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Response to: ‘Pitfalls of antinuclear antibody detection in systemic lupus erythematosus: the positive experience of a national multi-center study’ by Pregnalato et al
  1. David S Pisetsky1,
  2. Diane M Spencer1,
  3. Peter E Lipsky2,
  4. Brad H Rovin3
  1. 1 Department of Medicine and Immunology, Duke University Medical Center and Medical Research Service, Veterans Administration Medical Center, Durham, North Carolina, USA
  2. 2 RILITE Research Institute, Charlottesville, Virginia, USA
  3. 3 Division of Nephrology, Department of Internal Medicine, Ohio State University, Wexner Medical Center, Columbus, Ohio, USA
  1. Correspondence to Dr David S Pisetsky, Department of Medicine and Immunology, Duke University Medical Center, Durham, NC 27705, USA; david.pisetsky{at}

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We appreciate the comments by Pregnolato et al 1 on our original paper2 and subsequent correspondence in the journal.3 4 The data presented are very interesting and suggest that, under certain circumstances, results of antinuclear antibody (ANA) testing with samples from patients with established systemic lupus erythematosus can show both a high frequency of positivity and high concordance among testing laboratories. Such agreement may result from the nature of the samples themselves, including the titre of the antibodies and the array of specificities present, the kits used for the assays and the experience and training of the observers. While we would acknowledge that ANA assays can perform very well, our experience as well as that in the literature indicates that variability occurs significantly in a way that complicates screening of patients for clinical trials. Notwithstanding the demonstrations of the kind reported by Pregnolato et al, we think that it is important to try to understand assay variability and improve serological determinations for both routine care as well as clinical research.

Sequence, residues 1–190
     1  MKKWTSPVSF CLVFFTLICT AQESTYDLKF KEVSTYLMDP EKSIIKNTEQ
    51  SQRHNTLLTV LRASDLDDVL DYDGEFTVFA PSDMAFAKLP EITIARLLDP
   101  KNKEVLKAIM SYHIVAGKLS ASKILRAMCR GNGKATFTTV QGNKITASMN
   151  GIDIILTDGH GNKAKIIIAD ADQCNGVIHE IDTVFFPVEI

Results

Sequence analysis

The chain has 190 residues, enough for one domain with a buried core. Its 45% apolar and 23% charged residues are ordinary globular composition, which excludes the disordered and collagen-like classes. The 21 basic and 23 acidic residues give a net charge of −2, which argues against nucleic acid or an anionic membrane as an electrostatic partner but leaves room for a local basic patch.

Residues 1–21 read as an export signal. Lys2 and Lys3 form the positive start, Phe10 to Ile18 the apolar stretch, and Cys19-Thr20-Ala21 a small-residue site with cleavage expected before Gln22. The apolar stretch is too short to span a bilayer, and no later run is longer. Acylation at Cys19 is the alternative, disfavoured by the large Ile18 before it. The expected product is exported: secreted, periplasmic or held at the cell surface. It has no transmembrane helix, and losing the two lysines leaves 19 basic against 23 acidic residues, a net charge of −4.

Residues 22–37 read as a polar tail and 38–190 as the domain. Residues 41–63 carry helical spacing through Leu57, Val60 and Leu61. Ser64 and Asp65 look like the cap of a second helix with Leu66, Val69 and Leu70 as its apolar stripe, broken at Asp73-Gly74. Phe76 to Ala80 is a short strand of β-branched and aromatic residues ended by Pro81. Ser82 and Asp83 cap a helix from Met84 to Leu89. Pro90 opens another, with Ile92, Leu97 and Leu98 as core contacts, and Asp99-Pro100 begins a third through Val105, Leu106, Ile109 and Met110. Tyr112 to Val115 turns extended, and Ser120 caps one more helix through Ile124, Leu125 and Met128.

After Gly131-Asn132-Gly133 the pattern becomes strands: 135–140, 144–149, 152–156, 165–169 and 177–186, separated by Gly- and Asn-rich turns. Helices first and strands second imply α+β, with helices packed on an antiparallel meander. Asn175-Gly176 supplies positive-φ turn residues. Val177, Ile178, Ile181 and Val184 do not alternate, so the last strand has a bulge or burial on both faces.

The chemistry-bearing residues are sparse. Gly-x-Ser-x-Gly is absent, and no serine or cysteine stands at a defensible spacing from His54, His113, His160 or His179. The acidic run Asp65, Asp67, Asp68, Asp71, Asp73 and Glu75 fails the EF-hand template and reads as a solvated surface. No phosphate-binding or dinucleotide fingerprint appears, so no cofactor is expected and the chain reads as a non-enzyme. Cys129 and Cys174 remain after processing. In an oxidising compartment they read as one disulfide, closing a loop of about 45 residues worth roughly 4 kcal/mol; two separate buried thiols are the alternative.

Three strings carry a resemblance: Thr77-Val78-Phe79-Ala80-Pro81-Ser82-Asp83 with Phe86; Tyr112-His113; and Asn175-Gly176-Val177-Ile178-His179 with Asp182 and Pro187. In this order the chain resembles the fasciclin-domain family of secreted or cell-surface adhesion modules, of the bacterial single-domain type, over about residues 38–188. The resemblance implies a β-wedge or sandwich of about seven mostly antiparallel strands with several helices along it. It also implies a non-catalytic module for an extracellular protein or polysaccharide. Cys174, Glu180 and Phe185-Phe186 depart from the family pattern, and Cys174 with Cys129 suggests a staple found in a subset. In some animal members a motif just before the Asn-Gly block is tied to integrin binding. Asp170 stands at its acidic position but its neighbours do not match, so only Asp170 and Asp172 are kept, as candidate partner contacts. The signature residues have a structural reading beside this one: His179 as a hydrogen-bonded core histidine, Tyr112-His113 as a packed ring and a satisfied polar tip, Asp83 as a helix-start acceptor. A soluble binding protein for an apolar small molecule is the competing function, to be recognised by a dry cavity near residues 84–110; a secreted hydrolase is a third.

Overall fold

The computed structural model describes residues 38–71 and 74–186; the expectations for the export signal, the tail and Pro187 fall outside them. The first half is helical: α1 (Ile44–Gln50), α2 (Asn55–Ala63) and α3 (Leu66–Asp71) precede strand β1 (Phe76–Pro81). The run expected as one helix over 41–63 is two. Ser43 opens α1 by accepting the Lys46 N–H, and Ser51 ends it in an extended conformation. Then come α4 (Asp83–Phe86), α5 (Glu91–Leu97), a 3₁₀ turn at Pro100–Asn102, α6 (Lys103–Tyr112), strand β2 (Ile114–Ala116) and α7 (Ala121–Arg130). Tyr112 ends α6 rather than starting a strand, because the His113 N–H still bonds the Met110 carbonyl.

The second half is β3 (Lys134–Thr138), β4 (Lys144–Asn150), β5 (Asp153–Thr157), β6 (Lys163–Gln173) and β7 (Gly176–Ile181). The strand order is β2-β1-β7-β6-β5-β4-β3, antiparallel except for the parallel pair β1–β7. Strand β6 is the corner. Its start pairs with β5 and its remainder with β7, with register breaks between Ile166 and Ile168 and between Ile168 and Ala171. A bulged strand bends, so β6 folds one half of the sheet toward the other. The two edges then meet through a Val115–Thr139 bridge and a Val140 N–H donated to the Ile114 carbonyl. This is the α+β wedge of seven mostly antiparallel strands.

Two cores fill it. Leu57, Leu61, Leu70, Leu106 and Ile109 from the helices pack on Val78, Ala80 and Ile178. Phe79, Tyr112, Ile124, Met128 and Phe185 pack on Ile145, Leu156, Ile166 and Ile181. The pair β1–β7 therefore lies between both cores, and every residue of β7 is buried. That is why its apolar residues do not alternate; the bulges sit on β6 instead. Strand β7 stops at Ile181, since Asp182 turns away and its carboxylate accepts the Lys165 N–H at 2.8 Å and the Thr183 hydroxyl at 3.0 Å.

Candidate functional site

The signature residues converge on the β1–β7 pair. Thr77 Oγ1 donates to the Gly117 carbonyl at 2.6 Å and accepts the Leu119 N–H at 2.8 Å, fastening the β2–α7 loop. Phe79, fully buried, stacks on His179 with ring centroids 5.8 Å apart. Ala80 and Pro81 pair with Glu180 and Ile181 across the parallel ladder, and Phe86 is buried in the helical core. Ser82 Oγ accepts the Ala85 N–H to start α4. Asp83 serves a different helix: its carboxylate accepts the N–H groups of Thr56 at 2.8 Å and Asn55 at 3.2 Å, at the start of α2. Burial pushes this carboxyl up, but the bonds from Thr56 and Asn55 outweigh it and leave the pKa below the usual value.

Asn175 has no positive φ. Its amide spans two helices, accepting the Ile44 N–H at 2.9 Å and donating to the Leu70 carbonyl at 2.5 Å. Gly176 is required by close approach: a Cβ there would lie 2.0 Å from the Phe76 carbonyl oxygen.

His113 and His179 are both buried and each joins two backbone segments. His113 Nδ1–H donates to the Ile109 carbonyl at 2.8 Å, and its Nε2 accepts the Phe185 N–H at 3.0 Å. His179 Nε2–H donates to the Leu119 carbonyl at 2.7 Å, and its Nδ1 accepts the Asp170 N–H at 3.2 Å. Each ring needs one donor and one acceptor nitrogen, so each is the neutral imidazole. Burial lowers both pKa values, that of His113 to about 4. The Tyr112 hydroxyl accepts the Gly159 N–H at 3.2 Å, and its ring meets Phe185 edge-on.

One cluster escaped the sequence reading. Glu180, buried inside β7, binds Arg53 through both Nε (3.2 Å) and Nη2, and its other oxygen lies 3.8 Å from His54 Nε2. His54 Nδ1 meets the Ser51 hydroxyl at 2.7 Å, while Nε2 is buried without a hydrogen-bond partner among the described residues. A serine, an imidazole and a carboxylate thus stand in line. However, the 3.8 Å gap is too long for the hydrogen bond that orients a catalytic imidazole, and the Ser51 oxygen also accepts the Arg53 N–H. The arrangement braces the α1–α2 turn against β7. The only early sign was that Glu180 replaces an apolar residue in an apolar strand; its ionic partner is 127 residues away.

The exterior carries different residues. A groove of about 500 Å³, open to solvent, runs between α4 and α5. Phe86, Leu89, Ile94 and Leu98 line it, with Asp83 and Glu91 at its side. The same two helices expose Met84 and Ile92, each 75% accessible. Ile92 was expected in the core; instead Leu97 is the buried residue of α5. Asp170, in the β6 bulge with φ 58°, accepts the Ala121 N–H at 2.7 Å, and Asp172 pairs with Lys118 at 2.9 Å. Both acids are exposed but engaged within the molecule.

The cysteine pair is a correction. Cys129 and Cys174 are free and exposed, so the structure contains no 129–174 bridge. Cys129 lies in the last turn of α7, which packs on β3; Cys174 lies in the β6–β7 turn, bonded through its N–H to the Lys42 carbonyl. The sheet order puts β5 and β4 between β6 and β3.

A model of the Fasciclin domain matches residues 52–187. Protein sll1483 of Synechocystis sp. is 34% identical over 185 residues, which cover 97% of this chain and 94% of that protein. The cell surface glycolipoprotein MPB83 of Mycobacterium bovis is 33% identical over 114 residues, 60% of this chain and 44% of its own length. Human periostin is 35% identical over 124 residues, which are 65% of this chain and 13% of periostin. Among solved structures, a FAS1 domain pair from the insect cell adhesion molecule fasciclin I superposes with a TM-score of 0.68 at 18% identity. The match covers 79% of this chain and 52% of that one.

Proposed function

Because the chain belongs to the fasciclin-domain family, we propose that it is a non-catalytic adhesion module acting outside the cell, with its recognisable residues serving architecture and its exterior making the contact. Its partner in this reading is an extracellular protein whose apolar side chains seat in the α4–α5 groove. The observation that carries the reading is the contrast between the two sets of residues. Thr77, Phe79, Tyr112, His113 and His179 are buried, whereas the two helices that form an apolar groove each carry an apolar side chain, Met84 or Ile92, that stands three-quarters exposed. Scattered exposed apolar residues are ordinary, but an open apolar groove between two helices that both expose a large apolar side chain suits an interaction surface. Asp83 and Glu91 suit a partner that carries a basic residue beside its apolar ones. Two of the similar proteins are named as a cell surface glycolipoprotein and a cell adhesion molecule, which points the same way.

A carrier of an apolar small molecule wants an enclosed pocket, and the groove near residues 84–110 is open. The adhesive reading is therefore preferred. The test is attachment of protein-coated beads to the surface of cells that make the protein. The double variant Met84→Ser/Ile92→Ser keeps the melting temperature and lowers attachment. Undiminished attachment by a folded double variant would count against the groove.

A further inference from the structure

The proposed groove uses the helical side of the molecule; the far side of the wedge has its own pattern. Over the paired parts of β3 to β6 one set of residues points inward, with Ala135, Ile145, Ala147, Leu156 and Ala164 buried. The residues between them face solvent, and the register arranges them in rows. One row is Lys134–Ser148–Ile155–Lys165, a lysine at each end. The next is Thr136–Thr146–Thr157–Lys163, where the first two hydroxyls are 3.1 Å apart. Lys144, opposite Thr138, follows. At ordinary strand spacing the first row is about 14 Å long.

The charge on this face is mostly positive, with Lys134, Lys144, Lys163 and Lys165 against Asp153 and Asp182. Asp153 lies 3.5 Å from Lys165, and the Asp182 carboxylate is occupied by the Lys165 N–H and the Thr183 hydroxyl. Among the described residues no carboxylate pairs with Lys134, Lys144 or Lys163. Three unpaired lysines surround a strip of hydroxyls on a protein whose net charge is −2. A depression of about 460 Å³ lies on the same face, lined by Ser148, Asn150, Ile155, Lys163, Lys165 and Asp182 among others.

• Handling editor Josef S Smolen

  • Funding The authors have not declared a specific grant for this research from any funding agency in the public, commercial or not-for-profit sectors.

  • Competing interests None declared.

  • Patient consent Not required.

  • Provenance and peer review Commissioned; internally peer reviewed.

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